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6 Tips for Turning Awful Fan Fiction into a Best Seller

#3. Pile on the Deity Comparisons

Gods embody ideals, so when you're writing in a genre like fan fiction about a topic like sex, restraint isn't really on the menu. You'd better believe you're drawing from antiquity and beyond.

I didn't understand why this Adonis wanted me. But when he looked at me with his divine eyes, I felt like a goddess. It was like staring into the eyes of Apollo, if Apollo wasn't such a dick. He looked at me now, with a gaze that promised when we made a loving tonight, it would be heavenly. My inner goddess tingled up my spine, and she was hungrier than the most wretched, starving, bloated baby in Somalia. But this was no ordinary hunger, like poor people have. This was a goddess famine ... for sex.

Photo: Glenn McKechnie

Drop divine references no more than 42 times per chapter, but double down the rate of recurrence in any sex scenes. (Tip: They are ALL sex scenes.)

#2. Be Realistic

You're already writing about impossibly beautiful and successful people, half of whom can turn into a mist when the moon is full. You're going to want to ground your book in the vivid details of the scenes. Remember, it's important to put your reader right there in the scene, as deeply as you can. Then put them in deeper. That's right. Right there, baby. Oh God. Baby. Baby.

See if you can spot what's wrong with this excerpt that Publisher's Weekly called "Sizzling, the way an egg sizzles in a skillet," and then apologized, because they're supposed to come up with more quotable reviews than that:

The lush, full-bodied hair on Eros Blaque's naked tushy wafted sensitively in the bedroom breeze. Now revealed before his lady lover, Mary Sue Standynn, Eros did not shy from waggling his gifts nudely for her pleasure. She nodded at his offering of a penis engorged with blood, and accepted him into her musky cave.

"I am going to plow through you like a freight train," he murmured in her erect ear. And then they sexed.

Eros' godly hips rhythmed erotically as he love-thrusted the quivering, wet loam of his lady lover, Mary Sue Blaque (for so she thought of herself after marrying him in her head just now. She would tell them of their brain-elopement later. For now, it was adult-hug time).

Mary Sue groaned with an ecstatic agony that revealed heretofore undicked depths of agonizing ecstasy. She raked her fingernails across his back swiftly and with great speed, urgently scratching him almost instantly. Suddenly Eros looked her in the eye the way a man does when he is using his lady lover like a gym sock soaked in warm moisturizer but realizes that he loves her. This was pleasant to her, and she indicated such by continuing to have sex with him.

Suddenly, without warning, and much too soon, after a couple minutes, though it seemed like more, and anyway, it's a compliment, Eros' face twisted with unwanted delight. "Mary Sue, my loveeeee! I fear I am going to spend!!!" he howled, "Yes! It is definitely about to occur!"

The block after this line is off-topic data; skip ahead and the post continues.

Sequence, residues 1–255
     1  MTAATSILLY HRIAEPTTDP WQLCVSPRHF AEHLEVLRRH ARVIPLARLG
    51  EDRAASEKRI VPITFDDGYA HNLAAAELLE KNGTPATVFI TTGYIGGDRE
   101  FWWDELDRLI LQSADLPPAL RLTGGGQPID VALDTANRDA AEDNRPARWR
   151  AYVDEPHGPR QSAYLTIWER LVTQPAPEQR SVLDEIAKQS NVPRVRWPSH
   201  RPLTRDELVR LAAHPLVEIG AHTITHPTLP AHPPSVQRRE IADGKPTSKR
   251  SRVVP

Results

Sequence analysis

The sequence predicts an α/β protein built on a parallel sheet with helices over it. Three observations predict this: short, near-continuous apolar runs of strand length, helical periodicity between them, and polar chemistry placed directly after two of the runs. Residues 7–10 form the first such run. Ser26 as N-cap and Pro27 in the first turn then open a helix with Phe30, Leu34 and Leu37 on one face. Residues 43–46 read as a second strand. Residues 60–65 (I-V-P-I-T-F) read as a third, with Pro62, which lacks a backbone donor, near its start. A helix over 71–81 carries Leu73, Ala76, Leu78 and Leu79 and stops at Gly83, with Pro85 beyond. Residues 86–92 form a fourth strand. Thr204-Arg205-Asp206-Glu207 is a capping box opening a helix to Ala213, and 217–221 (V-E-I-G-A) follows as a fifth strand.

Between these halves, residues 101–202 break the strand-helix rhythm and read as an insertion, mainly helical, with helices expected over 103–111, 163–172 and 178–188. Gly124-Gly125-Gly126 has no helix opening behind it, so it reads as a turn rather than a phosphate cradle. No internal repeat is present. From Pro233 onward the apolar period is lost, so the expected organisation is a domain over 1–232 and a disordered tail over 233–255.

And there, of course, propriety commands us to direct our gaze to the wafting curtains.

Did you spot it? That's right, for all this scene's gritty realism, the man never tied the woman up and called her -- oh my, the most terrible names.

Photo: Glenn McKechnie

If fear and eroticism thrive when the audience fills in the gaps for you, sleeping with the devil means your entire book should be whittled down to "I fell in love with my stalker, and the sex was good."

#1. Be Unrealistic

Love in books is irresistible and instantaneous. Love in reality is a long, drawn-out process of waiting for one party to realize it's out of the other's league. When that doesn't happen and two people do manage to trick themselves into falling in love, it's one of life's most beautifully obnoxious experiences. At last, a woman can have sex without worrying about her reputation, and a man can have sex without pretending to be a generous lover!

Yes, love is a beautiful thing, even if the guy is no longer free to shoot hoops because he has to go to brunch. But it's not as beautiful as what happens in books. In romance novels, that magical feeling of being special to the Most Amazing Person in the World happens in not only the lucky lovers' heads, but the world around them. And that's the kind of once-in-a-lifetime magic that we're going to sell to these dopes for as much cash as we can wring out of them.

To live -- to LOVE! To clasp another human being to thy pulsing breast in the blind of night! To flourish and be happy -- ah! Our happy lovers have found their purpose at last. The real question is -- why haven't you? Could it be that there's something wrong with you, Becky? Be sure to read the sequel to find out!

Photo: Glenn McKechnie

Right now, you're worried that you don't have what it takes to describe the miracle of lust and love the way Fifty Shades does. But just because James can bring herself to get up in the morning and feel emotions, that doesn't mean you don't have what it takes to write erotic fiction. Just do what I do: Fill the hole in your heart with money. Sweet, filthy, glorious lucre!

Anyway, you can score some serotonin for half the price of a first date. If by some chance you can picture yourself in love again, by all means, express that in a story about a domineering, rich bastard who abuses young virgins. For the rest of us, love is nice, but money doesn't break its promises.


Brendan McGinley was cursed by a gypsy to never know true love until he revised his comic pitches for original characters.

Check out more from Brendan with The 7 Most Terrifying Rejected TV Ads and 5 Ways the '90s Made Us Strong.

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